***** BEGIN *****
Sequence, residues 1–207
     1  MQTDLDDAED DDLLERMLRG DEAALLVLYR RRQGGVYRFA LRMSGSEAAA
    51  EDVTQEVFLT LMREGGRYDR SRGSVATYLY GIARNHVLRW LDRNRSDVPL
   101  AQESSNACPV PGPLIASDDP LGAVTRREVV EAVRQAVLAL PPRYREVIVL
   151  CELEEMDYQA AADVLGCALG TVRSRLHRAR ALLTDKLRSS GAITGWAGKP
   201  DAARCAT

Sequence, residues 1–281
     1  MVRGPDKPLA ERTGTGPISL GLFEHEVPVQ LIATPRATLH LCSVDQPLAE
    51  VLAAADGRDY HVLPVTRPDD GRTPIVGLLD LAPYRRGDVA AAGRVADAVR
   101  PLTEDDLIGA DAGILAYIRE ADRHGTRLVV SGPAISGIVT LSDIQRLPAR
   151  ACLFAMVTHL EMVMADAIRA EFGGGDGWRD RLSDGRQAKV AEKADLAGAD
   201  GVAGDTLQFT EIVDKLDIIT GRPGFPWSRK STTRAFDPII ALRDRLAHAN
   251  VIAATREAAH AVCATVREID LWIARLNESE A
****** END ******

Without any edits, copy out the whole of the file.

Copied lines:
Sequence, residues 1–207
     1  MQTDLDDAED DDLLERMLRG DEAALLVLYR RRQGGVYRFA LRMSGSEAAA
    51  EDVTQEVFLT LMREGGRYDR SRGSVATYLY GIARNHVLRW LDRNRSDVPL
   101  AQESSNACPV PGPLIASDDP LGAVTRREVV EAVRQAVLAL PPRYREVIVL
   151  CELEEMDYQA AADVLGCALG TVRSRLHRAR ALLTDKLRSS GAITGWAGKP
   201  DAARCAT

Sequence, residues 1–281
     1  MVRGPDKPLA ERTGTGPISL GLFEHEVPVQ LIATPRATLH LCSVDQPLAE
    51  VLAAADGRDY HVLPVTRPDD GRTPIVGLLD LAPYRRGDVA AAGRVADAVR
   101  PLTEDDLIGA DAGILAYIRE ADRHGTRLVV SGPAISGIVT LSDIQRLPAR
   151  ACLFAMVTHL EMVMADAIRA EFGGGDGWRD RLSDGRQAKV AEKADLAGAD
   201  GVAGDTLQFT EIVDKLDIIT GRPGFPWSRK STTRAFDPII ALRDRLAHAN
   251  VIAATREAAH AVCATVREID LWIARLNESE A